Alaska News Nightly: April 28, 2015

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Icebreakers? Sure, But Coast Guard Boss Says Cutters Come First

Liz Ruskin, APRN – Anchorage

The head of the Coast Guard says the country must invest in new icebreakers to meet a predicted increase in Arctic drilling and marine traffic. But he
also told a U.S. Senate panel today (TUES) the Coast Guard needs a lot of ships, and icebreakers aren’t the top item on his acquisitions list.

As Lawmakers Gavel In For A Special Session, Leaders Ask For A Break And Relocation
Alexandra Gutierrez, APRN – Juneau

Immediately after the Legislature gaveled out of their extended regular session, Gov. Bill Walker called them back in for a special one.

Marriage Equality Advocates Ask Governor To “Stop In The Name Of Love.”
Lisa Phu, KTOO – Juneau

On the day the U.S. Supreme Court heard oral arguments on marriage equality, more than 40 people gathered at the Dimond Courthouse plaza across from the State Capitol in Juneau to rally through song and dance.

A Moving Target: Stopping Booze At The River
Ben Matheson, KYUK – Bethel

In the Yukon-Kuskowim Delta, the three Western Alaska Alcohol and Narcotics Taskforce (WAANT) investigators can’t be everywhere at once. Some villages are trying to fill in gaps where bootlegged alcohol reaches dry option communities. In the second of a three-part series on the law enforcement efforts to stem the flow of alcohol to the region, a look at Akiak’s tribal approach.

Kick The Bucket: Health Implications Of Third World Conditions In Rural Alaska
Joaqlin Estus, KNBA – Anchorage

More than six percent of Alaskans live without water or sewer systems.  The so-called “honey bucket” situation has frequently been deplored and millions of federal and state dollars have been devoted to dealing with it.

Unalaska Preps For Cruise Passenger Influx
Annie Ropeik, KUCB – Unalaska

Unalaska will get a big population boost this weekend, with the first cruise ship of what’s shaping up to be a busy summer. The Aleutian Islands
usually see a ferry run before the cruise ships start coming — but not this year.

U.S. Army ‘Sugar Bears’ Fly Supplies To Denali
Phillip Manning, KTNA – Talkeetna

Army helicopters flew the last round of supplies to Denali base camp yesterday for the 2015 climbing season.  The unit, dubbed the “Sugar Bears”
is well-known in Talkeetna, and has a history in Alaska of combining training and supply runs.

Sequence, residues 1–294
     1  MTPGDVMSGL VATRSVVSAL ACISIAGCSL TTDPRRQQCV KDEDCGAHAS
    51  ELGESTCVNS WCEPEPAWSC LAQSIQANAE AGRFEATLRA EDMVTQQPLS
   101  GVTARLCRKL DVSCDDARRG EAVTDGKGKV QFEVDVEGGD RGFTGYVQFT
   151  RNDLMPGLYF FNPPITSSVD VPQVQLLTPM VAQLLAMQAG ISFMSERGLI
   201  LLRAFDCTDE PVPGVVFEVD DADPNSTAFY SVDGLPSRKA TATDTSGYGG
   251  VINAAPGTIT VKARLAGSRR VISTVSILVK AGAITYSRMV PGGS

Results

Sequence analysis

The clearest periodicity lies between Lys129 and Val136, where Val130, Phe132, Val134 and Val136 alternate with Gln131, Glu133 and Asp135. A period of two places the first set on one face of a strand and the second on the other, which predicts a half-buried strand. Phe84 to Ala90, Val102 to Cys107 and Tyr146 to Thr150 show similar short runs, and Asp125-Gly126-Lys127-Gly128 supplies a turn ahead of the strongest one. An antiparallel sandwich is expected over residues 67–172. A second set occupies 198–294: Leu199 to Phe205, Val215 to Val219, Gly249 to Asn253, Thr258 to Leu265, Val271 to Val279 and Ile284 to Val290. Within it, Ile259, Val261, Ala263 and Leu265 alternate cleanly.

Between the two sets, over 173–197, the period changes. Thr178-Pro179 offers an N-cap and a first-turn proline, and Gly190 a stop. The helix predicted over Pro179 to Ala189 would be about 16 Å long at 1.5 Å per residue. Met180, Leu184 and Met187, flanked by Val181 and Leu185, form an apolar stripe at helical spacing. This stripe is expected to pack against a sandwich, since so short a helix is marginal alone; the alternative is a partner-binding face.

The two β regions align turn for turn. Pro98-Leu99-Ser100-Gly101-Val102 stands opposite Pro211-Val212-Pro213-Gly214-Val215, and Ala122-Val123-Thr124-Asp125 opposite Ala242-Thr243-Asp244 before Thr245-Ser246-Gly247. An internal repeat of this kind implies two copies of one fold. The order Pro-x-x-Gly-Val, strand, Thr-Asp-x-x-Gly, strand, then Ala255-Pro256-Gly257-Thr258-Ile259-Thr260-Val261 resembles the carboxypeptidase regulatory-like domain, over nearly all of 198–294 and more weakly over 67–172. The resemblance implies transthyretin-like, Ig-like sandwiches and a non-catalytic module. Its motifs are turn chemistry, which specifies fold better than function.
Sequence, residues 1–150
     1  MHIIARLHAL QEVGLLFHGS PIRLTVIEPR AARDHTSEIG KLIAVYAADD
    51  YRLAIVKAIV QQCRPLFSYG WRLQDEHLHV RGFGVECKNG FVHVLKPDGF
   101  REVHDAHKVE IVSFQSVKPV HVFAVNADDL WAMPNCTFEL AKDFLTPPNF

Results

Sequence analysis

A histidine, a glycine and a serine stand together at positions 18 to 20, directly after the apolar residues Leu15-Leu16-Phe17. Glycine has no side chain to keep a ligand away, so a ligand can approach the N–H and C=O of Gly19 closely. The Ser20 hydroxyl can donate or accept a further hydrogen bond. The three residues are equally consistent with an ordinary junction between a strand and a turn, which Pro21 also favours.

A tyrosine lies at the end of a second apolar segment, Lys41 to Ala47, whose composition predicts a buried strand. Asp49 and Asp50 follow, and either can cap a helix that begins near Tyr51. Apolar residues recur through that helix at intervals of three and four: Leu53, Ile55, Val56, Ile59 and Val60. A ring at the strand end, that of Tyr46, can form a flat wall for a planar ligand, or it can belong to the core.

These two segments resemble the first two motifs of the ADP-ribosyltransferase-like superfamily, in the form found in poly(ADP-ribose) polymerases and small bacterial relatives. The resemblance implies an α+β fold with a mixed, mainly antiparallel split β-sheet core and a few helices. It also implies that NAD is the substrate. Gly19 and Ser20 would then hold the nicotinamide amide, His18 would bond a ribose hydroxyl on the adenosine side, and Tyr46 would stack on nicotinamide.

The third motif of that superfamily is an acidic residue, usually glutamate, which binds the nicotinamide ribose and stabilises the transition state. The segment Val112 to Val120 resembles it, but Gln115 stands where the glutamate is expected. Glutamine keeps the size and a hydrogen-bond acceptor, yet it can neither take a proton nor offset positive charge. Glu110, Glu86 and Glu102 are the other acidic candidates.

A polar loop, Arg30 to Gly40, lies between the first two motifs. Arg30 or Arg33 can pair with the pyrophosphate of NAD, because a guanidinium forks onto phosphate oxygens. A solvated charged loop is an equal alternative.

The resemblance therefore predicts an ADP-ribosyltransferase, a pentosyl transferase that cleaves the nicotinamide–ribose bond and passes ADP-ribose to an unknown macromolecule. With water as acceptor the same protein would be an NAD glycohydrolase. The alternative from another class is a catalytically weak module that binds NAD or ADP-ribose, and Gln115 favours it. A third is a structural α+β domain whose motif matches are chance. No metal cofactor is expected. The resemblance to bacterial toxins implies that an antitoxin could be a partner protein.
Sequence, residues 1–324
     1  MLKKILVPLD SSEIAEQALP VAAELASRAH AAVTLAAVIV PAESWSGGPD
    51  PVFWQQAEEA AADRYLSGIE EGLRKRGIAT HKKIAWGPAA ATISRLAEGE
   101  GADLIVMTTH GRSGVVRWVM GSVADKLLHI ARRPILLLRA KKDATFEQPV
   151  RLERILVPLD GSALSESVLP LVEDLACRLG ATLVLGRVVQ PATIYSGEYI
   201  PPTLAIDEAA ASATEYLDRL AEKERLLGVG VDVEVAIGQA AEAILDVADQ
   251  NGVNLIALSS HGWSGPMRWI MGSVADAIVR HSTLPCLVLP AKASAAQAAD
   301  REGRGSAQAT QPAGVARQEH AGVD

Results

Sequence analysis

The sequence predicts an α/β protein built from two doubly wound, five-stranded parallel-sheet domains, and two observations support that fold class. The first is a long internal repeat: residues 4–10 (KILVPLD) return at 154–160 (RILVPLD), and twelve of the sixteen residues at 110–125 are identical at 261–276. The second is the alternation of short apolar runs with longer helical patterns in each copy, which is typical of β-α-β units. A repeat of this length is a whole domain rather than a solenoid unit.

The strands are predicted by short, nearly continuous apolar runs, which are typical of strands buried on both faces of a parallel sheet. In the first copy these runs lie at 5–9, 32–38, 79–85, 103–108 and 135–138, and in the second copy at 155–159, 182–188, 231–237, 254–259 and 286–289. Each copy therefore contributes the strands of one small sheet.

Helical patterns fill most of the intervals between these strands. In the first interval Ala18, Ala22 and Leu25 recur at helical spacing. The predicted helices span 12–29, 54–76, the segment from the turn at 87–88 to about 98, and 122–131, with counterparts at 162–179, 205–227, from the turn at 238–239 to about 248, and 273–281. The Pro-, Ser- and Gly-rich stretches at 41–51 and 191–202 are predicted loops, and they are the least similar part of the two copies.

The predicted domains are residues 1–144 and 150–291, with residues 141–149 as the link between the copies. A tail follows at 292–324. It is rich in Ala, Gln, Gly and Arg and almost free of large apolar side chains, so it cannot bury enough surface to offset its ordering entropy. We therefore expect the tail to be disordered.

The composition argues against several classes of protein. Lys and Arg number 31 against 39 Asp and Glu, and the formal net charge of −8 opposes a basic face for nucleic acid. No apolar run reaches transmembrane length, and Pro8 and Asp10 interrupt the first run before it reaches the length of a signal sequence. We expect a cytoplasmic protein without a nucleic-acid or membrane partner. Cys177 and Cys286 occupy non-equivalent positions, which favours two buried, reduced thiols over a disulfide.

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Lori Townsend is the News Director for the Alaska Public Radio Network. She got her start in broadcasting at the age of 11 as the park announcer of the fast pitch baseball games in Deer Park, Wisconsin. She has worked in print and broadcast journalism for more than 18 years. She was the co-founder and former Editor of Northern Aspects, a magazine featuring northern Wisconsin writers and artists. She worked for 7 years at tribal station WOJB on the Lac Courte Oreilles Ojibway Reservation in Wisconsin, first as an on-air programmer and special projects producer and eventually News Director. In 1997 she co-hosted a continuing Saturday afternoon public affairs talk program on station KSTP in St. Paul, Minnesota. Radio brought her to Alaska where she worked as a broadcast trainer for Native fellowship students at Koahnic Broadcasting. Following her work there, she helped co-found the non-profit broadcast company Native Voice Communications with veteran Alaskan broadcasters Nellie Moore, D’Anne Hamilton, Len Anderson, Sharon McConnell and Veronica Iya. NVC created the award-winning Independent Native News as well as producing many other documentaries and productions. Townsend was NVC’s technical trainer and assistant producer of INN. Through her freelance work, she has produced news and feature stories nationally and internationally for Independent Native News, National Native News, NPR , Pacifica, Monitor Radio, Radio Netherlands and AIROS. Her print work and interviews have been published in News from Indian Country, Yakama Nation Review and other publications. Ms. Townsend has also worked as a broadcast trainer for the Native American Journalist’s Association and with NPR’s Doug Mitchell and as a freelance editor. Townsend is the recipient of numerous awards for her work from the Alaska Press Club, the Native American Journalists Association and a gold and a silver reel award from the National Federation of Community Broadcasters. Townsend was the recipient of a Fellowship at the Metcalf Institute for Marine and Environmental Reporting in Rhode Island as well as a fellowship at the Knight Digital Media Center in Berkeley. She is an avid reader, a rabid gardener and counts water skiing, training horses, diving and a welding certification among her past and current interests. ltownsend (at) alaskapublic (dot) org  |  907.550.8452 | About Lori